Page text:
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Lingang is a new city at the mouth of the Yangtze River Delta, designed as part of the 1966 plan for the development of the metropolitan area of Shanghai.
The creation of the new Yangshan deep-water port, connected to the mainland through the Donghai bridge, gave the government the opportunity to develop a new industrial zone which is planned to house up to 800,000 inhabitants by 2020 and will have a crucial role in the economic growth of the coastal region.
The new city will occupy an area of almost 300 km2. Approximately half of this surface (on the east side) is constituted by newly reclaimed land, while the inner part is characterised by the presence of an agricultural pattern of canals and linear villages. Here, the waterbodies provide irrigation, transportation and public space, generating a strong local identity.
In the original design, the presence of these villages was completely neglected and big industrial estates substitute all the pre-existing fabric. The creation of huge mono-functional blocks quite distant from each other forces the immediate construction of all the infrastructures and a very low density makes the project functionally and economically inefficient. Furthermore, the rigid geometric scheme of the masterplan does not allow any flexible phasing strategy and the structure of the city could hardly make sense before all the phases are completed.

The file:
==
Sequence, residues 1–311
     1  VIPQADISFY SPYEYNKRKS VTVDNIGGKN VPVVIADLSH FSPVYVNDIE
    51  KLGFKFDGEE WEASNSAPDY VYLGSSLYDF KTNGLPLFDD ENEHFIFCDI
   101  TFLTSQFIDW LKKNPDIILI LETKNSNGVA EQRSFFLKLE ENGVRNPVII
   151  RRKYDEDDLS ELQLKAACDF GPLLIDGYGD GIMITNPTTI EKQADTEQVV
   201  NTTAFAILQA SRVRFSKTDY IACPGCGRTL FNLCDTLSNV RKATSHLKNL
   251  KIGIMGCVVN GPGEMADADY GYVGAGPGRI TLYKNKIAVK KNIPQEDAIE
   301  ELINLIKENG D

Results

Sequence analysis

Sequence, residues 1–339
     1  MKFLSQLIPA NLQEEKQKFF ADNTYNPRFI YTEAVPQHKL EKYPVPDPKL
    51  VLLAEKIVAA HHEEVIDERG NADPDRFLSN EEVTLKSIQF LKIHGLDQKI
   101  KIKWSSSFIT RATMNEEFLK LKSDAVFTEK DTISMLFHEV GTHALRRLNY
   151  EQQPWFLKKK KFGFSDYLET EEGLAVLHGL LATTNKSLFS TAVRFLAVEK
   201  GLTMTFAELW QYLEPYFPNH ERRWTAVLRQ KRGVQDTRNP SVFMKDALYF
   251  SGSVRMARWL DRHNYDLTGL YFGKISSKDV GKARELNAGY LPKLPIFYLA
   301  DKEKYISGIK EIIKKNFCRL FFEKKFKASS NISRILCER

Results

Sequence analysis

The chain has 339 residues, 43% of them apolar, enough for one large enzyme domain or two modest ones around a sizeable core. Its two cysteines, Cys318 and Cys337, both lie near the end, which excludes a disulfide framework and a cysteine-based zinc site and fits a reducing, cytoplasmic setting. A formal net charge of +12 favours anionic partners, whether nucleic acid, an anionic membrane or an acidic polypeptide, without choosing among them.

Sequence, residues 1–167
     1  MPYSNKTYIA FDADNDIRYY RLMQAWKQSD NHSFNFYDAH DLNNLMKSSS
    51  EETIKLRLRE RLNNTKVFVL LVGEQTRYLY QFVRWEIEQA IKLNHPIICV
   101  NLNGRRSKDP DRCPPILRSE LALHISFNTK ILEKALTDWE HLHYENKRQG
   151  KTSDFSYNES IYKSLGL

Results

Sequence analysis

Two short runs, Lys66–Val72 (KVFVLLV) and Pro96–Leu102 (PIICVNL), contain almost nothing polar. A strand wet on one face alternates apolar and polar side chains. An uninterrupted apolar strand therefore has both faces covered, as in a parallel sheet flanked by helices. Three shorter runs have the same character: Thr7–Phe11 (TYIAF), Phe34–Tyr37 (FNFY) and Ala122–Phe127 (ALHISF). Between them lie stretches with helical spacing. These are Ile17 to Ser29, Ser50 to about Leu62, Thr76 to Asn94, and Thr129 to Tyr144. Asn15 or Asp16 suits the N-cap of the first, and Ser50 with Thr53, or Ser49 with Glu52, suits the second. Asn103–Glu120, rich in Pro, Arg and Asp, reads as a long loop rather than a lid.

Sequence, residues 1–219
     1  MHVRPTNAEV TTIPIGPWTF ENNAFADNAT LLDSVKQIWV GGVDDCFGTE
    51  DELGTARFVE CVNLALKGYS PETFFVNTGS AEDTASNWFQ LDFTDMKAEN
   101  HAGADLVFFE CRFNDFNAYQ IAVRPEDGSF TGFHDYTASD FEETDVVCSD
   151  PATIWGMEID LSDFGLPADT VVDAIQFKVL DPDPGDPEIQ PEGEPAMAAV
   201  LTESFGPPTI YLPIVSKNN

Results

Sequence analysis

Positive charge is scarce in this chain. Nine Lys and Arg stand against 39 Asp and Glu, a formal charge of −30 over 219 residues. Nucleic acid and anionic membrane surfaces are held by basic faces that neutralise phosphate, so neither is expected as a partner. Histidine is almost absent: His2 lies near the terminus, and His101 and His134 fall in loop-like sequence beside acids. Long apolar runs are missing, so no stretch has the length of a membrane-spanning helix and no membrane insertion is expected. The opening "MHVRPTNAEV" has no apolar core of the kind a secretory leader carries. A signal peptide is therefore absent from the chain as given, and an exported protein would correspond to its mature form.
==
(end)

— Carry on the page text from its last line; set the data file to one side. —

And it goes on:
On the environmental level, the process of land reclamation produced an important alteration to the original water system: the construction of a dyke eliminated the natural daily fluctuation of the sea level and forced the construction of an underground drainage for all the existing canals. As a result, the valuable ecosystem of salt marshes and fish ponds has been lost and the poor drainage capacity of the terrain generates a high risk of flooding during the wet season.
This project aims to create a more dynamic system of multifunctional clusters that can better adjust the future changes in the growth of the city. A higher density respects the original goals of the masterplan placing all the functional clusters in the reclaimed area, thus preserving the linear villages. At the same time, the solution to the drainage problems gives the opportunity to create a new network of canals and water bodies that organise and structure the new urban fabric, becoming a crucial element for the public space. The new design maximises the coastline, generating a higher land value that compensates the costs of the dredging and earthwork needed, making the development economically attractive.